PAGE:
Find That Plumbing Leak Before Digging, Excavating, or Taking Other Drastic Measures
Example of a home septic system with tank drywell
Our water system and the septic system
We have a producing water well with a cistern not far from our house. When the water level is considered lower than it should be, the well pump turns on automatically and adds to the cistern water supply. A separate pump brings the water from the pressure tank through a water line to the house.
Because we do not have access to a sewer, we also have a sewage system consisting of a septic tank with a drywell which is down hill from that. The first image will give you an idea about how our system works ... first the septic tank, then a conduit pipe that transfers the waste water down into the drywell where the waste water is dispersed into the surrounding soil.
This summer, our septic tank was working fine but the drywell kept running over. The runoff was clear and seemed to be without actual sewage water. We couldn't imagine what was happening but I was hoping for a spring that had decided to send water in our direction. Wouldn't that be wonderful, to have an additional water supply in an arid area? My husband was certain that the pipeline from the well to the house (in the same general place as my spring) was broken, allowing our well water to flow down into the drywell. I much preferred my solution but you know Crow by now. If not, read my hub Home Grown, Raising Animals and Plants for Food.
The well company we use checked and then reported that there was nothing wrong with our well system and that the well was actually producing water. This confirmed to Crow that his theory of a leaking water line was correct. He busily engaged in contacting contractors whose expertise included replacing water lines, while I was occupied with designing a grape arbor that would have a spring-fed irrigation system.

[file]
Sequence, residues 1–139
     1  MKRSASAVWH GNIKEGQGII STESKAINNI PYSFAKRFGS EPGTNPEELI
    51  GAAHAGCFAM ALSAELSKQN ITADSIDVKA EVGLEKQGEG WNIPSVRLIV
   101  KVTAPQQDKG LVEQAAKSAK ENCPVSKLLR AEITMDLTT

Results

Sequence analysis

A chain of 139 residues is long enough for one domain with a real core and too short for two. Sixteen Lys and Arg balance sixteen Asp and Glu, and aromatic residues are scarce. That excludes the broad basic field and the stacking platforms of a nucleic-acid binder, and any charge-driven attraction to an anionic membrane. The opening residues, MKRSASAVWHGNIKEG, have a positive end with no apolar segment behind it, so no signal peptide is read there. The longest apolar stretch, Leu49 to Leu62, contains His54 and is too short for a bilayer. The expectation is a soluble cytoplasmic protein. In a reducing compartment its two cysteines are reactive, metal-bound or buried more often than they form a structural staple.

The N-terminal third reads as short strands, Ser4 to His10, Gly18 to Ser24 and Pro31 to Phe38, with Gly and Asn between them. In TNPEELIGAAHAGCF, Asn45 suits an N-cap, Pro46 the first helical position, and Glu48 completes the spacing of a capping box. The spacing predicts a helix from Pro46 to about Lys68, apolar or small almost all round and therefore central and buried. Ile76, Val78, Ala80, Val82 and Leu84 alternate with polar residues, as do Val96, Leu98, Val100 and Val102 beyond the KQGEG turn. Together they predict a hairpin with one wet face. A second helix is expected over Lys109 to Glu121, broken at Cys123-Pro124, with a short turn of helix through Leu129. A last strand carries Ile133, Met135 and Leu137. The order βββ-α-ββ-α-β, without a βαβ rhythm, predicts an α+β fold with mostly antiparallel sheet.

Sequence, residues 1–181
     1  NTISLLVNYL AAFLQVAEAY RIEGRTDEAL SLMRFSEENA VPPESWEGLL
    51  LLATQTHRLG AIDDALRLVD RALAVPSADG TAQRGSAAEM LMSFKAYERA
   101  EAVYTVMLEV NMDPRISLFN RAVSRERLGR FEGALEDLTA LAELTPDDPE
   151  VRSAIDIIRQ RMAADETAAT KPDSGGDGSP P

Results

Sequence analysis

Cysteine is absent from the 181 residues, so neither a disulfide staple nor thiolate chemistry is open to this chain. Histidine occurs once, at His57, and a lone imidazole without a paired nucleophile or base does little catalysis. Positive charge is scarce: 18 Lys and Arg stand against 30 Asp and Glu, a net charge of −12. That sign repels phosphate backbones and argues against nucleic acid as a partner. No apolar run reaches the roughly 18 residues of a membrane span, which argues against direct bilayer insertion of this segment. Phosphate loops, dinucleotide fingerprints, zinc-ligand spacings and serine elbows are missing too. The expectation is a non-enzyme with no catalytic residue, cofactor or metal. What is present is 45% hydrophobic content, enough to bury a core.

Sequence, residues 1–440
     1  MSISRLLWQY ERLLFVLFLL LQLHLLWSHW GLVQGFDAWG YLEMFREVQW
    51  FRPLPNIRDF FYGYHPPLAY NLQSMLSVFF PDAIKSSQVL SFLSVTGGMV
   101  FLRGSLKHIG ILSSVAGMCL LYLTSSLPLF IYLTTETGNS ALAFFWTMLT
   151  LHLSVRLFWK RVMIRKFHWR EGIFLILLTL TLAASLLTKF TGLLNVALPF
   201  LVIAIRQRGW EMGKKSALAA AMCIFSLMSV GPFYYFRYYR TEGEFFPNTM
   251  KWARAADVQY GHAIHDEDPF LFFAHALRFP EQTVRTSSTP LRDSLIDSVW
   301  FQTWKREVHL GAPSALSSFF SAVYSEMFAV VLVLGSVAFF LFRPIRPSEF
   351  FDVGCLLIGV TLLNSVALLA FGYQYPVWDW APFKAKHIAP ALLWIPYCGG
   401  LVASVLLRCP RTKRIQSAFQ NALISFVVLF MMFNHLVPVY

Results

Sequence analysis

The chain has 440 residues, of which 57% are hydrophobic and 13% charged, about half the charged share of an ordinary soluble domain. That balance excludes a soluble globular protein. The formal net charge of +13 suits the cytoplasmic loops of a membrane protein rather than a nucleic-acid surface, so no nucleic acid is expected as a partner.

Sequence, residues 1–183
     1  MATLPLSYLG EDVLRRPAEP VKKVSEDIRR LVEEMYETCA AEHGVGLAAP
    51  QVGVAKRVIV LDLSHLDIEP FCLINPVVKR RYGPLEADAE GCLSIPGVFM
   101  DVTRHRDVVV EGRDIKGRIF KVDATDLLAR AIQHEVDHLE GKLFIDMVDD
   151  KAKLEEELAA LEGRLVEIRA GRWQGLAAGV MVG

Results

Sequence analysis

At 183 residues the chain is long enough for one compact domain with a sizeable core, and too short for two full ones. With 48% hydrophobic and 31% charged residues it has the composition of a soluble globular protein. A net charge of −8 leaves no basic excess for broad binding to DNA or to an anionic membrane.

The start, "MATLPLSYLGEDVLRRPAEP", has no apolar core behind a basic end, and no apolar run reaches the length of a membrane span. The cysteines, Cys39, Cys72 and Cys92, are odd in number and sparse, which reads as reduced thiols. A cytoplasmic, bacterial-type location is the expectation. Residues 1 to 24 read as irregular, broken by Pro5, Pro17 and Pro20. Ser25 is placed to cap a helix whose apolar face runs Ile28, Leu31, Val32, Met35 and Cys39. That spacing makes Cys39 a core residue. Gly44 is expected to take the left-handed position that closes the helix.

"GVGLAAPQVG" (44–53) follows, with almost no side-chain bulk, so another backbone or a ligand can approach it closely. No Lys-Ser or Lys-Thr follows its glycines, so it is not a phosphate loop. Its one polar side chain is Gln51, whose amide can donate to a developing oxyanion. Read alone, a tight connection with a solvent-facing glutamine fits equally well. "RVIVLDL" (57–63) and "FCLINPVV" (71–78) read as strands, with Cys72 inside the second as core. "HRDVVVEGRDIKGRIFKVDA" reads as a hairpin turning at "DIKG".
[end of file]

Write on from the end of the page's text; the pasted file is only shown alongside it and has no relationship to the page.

Digging would take out the shrubbery
Contractor's visit and advice
Crow found a contractor who was experienced in replacing underground water lines. He listened to the previous information we had gathered and suggested that we contact one of the companies who specialized in finding leaks. He knew someone who had used that option and it worked out well for the homeowner. The contractor also said it was expensive to find leaks that way but so was the earth moving process.
I did not really want the water line from the well dug up. First of all, because of where Crow thought the leak would have to be ... alongside an attractive row of shrubbery we had planted many years ago. Most of them would be torn up in the search. On the other hand, however, I thought that the digging equipment would locate the spring. I reconciled myself by deciding that the leak finders could also locate the spring.
Finding the leak
Two men and a truck came to our house at the appointed time. They took some kind of a large compressor from the truck and situated it so that it could be connected to an electrical outlet and also to the outside hydrant.
The compressor directed air to the pressure tank through the water lines, into the well, and also every plumbing pipe inside the house. The well area and the pipeline connecting the well to the house were fine, but the toilet in the second bathroom (farthest from the incoming water) began to rattle.
After further checking, the leak finders decided that the toilet was the culprit. Although it did not sing or even hum, it must have been leaking, and they replaced a couple of items in the tank. We have not had a problem since with the cistern emptying or the drywell running over.
This method worked well for us
We were happy with the outcome. There was less expense using the leak finders than if earth moving took place. We had no damage to repair and, also, digging could have damaged our water line which would be very costly. The leak finder solution may not always work for everyone (or as quickly) but it worked well for us.
Should anyone have high water usage (a meter or bill would reflect that) or an overflowing drywell, check the toilet/s first even though there is no humming, singing, or whistling.